Sunday, November 13, 2011

Flash Fiction (Link)

Bats are flying around on the third floor again. Trapped. We live on a hill, so the height attracts them. Like a belfry. My husband is gone again. The beans he planted in the garden during the full moon are wilting. I’m not tending to the new shoots in this July heat. Like the jungle, he says, this heat. The news is bad lately. More troops killed this month than in any other. I keep the paper away from him, but he watches the reports on TV. This new war brings the old one back. In his sleep, he fights with the chain that hangs from the overhead bedroom light. He is always waging some past battle. Sometimes his hands find my throat. He leaves after these episodes. To be alone. At least he doesn’t wander the streets, like some. Doesn’t get lost permanently. He always comes back. Till then, I live with the bats. They flutter their wings of skin against the screens, while I lie in bed, staring up at the ghost of a light.

When I first read this, I immediately went back to The Red Convertible. There are some obvious connections, but instead of it being between two brothers, it is between a wife and her husband. This gives us another view to consider. We never really realize how many people are affected by certain actions. In this case, the wife (who is nameless) is struggling to keep her family together. She tries to hide the war from her husband, but he finds information about it anyway and it brings him back to when he was in the war. "Sometimes his hands find my throat," reminds me of when the eldest brother jumped into the river. They are not coming out and saying, he chokes me or he committed suicide, they are letting the reader experience the act, but describing it in a delicate manner. It's very effective in making the reader really "feel" the work and become a part of the work.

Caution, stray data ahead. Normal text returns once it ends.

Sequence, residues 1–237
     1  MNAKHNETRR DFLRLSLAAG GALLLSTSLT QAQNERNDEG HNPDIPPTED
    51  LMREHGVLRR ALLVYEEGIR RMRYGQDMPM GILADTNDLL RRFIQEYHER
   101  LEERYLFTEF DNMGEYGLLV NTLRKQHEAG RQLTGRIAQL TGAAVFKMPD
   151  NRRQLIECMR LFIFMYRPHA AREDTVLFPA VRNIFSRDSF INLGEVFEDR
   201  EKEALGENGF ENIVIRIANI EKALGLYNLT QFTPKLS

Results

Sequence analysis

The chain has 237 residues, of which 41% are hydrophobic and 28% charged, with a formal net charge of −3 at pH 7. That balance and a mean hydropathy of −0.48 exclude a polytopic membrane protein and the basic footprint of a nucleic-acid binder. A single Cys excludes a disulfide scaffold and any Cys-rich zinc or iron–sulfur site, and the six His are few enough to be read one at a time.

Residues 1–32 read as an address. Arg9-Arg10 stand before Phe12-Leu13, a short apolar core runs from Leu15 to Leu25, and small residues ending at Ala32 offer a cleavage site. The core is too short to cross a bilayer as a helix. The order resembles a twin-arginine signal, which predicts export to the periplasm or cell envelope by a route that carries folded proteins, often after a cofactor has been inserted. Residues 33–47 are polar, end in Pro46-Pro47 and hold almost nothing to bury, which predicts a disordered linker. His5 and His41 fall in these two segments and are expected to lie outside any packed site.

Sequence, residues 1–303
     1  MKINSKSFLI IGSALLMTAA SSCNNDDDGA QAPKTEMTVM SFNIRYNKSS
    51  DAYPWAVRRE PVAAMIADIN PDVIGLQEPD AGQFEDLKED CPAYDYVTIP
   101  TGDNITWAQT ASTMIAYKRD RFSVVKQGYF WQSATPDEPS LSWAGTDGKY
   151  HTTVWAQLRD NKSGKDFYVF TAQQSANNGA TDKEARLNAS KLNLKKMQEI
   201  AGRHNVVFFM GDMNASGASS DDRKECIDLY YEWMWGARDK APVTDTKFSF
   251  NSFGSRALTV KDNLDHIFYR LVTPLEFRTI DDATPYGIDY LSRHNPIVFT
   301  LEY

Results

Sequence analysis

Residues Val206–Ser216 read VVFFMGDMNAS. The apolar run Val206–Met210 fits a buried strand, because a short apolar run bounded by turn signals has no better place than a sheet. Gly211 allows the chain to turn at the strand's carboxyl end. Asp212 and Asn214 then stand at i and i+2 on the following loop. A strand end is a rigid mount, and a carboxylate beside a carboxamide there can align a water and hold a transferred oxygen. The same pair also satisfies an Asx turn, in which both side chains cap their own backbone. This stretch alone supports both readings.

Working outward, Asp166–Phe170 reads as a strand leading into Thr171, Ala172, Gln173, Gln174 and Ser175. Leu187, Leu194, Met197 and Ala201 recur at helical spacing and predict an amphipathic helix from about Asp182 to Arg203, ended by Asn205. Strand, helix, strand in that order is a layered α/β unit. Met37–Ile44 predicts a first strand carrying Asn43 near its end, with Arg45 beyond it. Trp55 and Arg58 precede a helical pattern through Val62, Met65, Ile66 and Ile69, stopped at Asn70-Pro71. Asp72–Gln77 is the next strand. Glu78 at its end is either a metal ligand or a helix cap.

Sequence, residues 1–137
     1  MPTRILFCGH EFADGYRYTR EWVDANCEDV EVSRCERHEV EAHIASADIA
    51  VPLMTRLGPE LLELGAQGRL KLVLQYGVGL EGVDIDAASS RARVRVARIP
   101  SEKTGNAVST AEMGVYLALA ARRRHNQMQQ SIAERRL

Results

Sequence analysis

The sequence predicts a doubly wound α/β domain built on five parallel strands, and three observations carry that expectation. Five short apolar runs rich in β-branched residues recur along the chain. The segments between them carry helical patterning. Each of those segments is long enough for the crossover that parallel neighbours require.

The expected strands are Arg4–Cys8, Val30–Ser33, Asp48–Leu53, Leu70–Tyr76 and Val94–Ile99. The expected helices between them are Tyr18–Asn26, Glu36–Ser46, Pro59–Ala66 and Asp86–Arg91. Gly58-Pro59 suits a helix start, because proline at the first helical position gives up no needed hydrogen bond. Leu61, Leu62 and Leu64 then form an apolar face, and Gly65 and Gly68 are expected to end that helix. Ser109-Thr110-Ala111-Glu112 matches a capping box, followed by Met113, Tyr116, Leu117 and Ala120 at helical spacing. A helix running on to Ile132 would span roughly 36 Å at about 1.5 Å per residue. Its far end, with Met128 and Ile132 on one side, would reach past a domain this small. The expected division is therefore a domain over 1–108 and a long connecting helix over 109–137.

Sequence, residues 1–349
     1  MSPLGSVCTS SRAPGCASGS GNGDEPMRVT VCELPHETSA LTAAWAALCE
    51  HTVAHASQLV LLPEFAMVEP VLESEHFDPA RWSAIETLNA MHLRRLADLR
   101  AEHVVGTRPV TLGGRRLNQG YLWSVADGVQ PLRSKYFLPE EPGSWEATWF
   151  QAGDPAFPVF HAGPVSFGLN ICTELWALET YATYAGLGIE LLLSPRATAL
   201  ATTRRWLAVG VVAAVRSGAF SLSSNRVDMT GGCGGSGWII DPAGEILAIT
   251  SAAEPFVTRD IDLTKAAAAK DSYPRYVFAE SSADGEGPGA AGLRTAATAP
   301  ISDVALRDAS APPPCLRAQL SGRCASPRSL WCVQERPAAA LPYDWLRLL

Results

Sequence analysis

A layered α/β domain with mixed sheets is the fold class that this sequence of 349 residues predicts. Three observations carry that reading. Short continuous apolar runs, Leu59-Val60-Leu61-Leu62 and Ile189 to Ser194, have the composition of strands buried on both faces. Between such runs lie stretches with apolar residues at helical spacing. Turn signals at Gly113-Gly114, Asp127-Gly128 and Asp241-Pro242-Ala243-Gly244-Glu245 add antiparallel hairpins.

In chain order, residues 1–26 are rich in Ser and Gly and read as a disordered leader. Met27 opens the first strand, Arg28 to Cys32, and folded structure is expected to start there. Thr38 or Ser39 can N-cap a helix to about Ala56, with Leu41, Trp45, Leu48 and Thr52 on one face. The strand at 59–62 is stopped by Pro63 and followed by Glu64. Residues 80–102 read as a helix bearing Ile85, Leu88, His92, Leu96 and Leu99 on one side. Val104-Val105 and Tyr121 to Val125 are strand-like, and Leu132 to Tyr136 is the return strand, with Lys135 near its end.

As we talked about with the Red Convertible, the government plays a huge role in both stories, yet it is not mentioned at all. "This new war brings the old one back." That statement is very powerful and it gives this feeling of empathy toward the narrator, we want to help her, we feel for her, but we can't do anything because everything has already been done. Within these two stories, you feeling a sensation of defeat like, "Okay government, you win, take over," which leads to novels like Feed and Brave New World. 

Flash Fiction is an interesting genre, though it is very new, I think that it will be a great addition to the literature family. I like this story because they say so much without saying too much at all. It is much like poetry, where every word counts and in Flash Fiction, I feel like every word counts. 



Saturday, November 12, 2011

The Red Convertible

The Red Convertible
In this story we have these two brothers who seemingly have a tight bond. Because they both came across a bit of money, they were able to purchase a “red convertible” in which they drove all summer long together, “road tripping.” They met a girl and drove to Alaska and lived care-free. But then things changed and one of the brothers got called to War, the Vietnam War to be exact.  After he came back he was a different person.  The narrator tried to help his brother by destroying the red convertible so that he could fix it up, which worked for a while. Sadly, at the end of the story, the brother killed himself due to the post effects of the war and the narrator let the car run into the river.